Read More: 20 SUPER FUN THINGS TO DO IN TACOMA, WASHINGTON
GIG HARBOR – 45 MIN
Now, if you need small-town vibes and easy access to Washington’s state parks, Gig Harbor is for you. This oceanside village has a population of about 12,000 people, but don’t let the size fool you – plenty of fun happens here.
Gig Harbor is one of Washington’s cities that claim to be “The Gateway to the Olympic Peninsula.” During your visit, you can capitalize on that and take a cruise from the harbor to view Tacoma and Seattle by water. Or, rent a kayak and enjoy an afternoon on the sound.
If you’re looking for an overnight trip, check out some of the boat hotels at Gig Harbor. Several yachts and houseboats offer the best oceanfront views you could ask for! For intriguing food options, check out one of the breweries or cideries downtown, like Seven Seas Brewery or Locust Cidery, or hit up Finholm Market – a favorite of locals and visitors alike.
BAINBRIDGE ISLAND – 55 MIN
Now, if you’re looking to explore a city with ties to Diners, Drive-Ins, and Dives, American history, and the Disney Channel, visit Bainbridge Island.
Dove Cameron, star of Disney’s Descendants series and Marvel’s Agents of S.H.I.E.L.D., grew up in the city. She began her acting career at Bainbridge Performing Arts, the island’s premier location for plays, symphonies, and musicals.
For gastronomes and television fans, The Madison Diner is the place to be. It aired on Diners, Drive-Ins, and Dives when the diner was called Big Star Diner. It offers traditional American fare, from omelets to burgers to the retro and beloved “chocolate egg cream” drink. (Seriously, get one — it’s delicious!)
Also in Bainbridge is the gorgeous Bloedel Reserve, one of America’s most beloved botanical gardens. Within the 150-acre estate, the tranquility of a Japanese garden unfurls. The park houses a reflecting pool, sand and stone garden, a Japanese guest house, and a French chateau on the property. You can view much of the park along a 2-mile loop that’s easy enough for the whole family to walk.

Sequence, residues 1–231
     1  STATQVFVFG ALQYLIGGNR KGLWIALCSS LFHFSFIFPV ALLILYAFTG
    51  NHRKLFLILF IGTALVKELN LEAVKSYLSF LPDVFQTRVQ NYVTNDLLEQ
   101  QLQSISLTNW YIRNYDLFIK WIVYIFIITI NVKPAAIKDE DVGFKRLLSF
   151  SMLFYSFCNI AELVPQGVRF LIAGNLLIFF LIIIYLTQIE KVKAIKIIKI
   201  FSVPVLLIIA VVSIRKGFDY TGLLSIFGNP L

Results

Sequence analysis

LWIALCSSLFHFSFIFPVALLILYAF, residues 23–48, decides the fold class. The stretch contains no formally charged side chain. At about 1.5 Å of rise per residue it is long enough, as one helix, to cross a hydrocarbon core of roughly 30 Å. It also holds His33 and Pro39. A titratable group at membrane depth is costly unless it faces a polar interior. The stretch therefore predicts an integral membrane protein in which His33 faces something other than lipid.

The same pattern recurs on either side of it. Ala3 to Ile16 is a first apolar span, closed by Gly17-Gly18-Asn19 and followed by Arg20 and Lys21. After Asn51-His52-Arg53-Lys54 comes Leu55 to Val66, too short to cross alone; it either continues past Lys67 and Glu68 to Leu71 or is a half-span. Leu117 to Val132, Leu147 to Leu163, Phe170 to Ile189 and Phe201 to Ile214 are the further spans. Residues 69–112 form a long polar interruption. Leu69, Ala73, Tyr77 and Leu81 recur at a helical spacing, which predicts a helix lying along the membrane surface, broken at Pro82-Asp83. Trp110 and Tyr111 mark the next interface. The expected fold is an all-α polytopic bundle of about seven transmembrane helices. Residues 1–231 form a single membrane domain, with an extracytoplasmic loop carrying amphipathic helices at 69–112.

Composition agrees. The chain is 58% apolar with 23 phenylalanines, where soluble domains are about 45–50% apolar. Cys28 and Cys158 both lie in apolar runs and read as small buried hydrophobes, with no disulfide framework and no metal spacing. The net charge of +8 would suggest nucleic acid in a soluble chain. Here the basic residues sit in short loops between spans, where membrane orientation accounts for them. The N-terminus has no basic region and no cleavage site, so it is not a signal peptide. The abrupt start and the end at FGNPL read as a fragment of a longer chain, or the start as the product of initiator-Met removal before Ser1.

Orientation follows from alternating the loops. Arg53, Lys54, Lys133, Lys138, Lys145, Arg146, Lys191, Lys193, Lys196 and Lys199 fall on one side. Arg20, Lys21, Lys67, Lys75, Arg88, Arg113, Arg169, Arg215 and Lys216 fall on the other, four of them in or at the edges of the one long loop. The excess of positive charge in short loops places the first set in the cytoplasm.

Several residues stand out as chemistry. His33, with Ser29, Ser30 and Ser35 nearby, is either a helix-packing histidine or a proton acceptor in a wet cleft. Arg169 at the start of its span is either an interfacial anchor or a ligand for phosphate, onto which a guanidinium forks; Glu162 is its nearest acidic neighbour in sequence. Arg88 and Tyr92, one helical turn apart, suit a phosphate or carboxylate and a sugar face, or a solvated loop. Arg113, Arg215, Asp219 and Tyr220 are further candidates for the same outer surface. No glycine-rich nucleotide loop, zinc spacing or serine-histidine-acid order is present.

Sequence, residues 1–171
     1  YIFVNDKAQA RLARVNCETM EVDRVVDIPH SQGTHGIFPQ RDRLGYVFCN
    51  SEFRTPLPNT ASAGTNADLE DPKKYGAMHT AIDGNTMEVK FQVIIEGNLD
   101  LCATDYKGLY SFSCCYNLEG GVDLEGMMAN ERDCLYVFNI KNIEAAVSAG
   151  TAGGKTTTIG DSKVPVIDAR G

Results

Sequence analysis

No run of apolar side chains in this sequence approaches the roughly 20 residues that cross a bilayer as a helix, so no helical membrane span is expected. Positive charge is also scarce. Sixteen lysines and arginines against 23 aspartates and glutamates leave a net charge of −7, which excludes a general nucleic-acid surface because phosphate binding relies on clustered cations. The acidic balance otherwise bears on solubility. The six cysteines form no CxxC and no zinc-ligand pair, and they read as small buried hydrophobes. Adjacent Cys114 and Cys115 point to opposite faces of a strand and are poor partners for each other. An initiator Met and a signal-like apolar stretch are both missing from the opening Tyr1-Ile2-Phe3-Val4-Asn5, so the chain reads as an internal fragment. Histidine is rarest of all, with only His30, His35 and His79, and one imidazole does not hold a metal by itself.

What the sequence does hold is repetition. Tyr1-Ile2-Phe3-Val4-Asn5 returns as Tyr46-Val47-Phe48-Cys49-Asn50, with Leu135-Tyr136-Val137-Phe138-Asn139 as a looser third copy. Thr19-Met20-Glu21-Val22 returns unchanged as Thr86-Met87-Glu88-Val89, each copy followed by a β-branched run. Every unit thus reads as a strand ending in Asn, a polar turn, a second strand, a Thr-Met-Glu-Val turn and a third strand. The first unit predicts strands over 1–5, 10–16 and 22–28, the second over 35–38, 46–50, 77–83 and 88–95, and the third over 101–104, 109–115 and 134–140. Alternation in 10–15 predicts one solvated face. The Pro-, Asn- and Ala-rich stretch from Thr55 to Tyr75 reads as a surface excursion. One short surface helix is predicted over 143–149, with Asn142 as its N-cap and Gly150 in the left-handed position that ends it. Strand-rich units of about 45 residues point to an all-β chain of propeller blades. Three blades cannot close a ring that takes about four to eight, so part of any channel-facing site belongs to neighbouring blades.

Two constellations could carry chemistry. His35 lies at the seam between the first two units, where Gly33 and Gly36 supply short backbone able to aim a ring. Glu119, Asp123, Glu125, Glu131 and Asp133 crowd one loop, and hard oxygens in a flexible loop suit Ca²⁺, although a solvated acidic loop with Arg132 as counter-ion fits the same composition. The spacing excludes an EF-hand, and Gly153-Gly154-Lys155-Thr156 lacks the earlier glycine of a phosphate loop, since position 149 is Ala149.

OLYMPIA – 1 HOUR
Olympia is the capital city of Washington, and is a mere one-hour drive from the cultural hotspot of Seattle. While definitely not a quiet, small town, Olympia makes this list because it is the perfect place for Washingtonians and out of staters to play tourist!
While you’re in Olympia, you definitely need to check out the Capitol Building. Built in 1928, the building practically touches the horizon, thanks to the largest freestanding masonry dome in the country. Around the Capitol is a peaceful sunken garden for you to explore, while inside, Tiffany chandeliers and marble will dazzle your senses.
If you need a few family-friendly activity ideas, check out the Hands-On Children’s Museum or Olympic Flight Museum. Both museums offer unique displays of history and science to wow young visitors, making them a great option. Plan a visit to Medicine Creek Winery for some more mature fun, which has delightful vintages grown in the Oregon wine country.
WHIDBEY ISLAND – 1 HOUR 10 MIN
Just getting to Whidbey Island is an adventure; you can either drive or take the ferry – driving takes you along the scenic Deception Pass Bridge, while the ferry provides stunning views of the island and the Puget Sound.
During your visit to Whidbey, plan on spending a day exploring the quintessential American charm of its shops and eateries. You’ll find everything from island-grown wine at the Whidbey Winery to fresh seafood at Calleen’s Restaurant.
Whidbey is a beloved escape for many an artist and as such, offers ample artistic activities for visitors. The Seven Islands Art School has classes for beginners to experts, while multiple galleries offer locally made artwork.
End your trip to Whidbey with a night out on the town! Check out the Blue Fox Drive-In Theater, stroll the beaches at Cama Beach State Park, or catch a stunning sunset at Admiralty Head Lighthouse.
POULSBO – 1 HOUR 10 MIN
When you visit Poulsbo, you can take a journey through Scandinavia without leaving Washington. This quaint town located on Liberty Bay became home to Scandinavian immigrants in the late 1800s, and has kept up the theme to this day.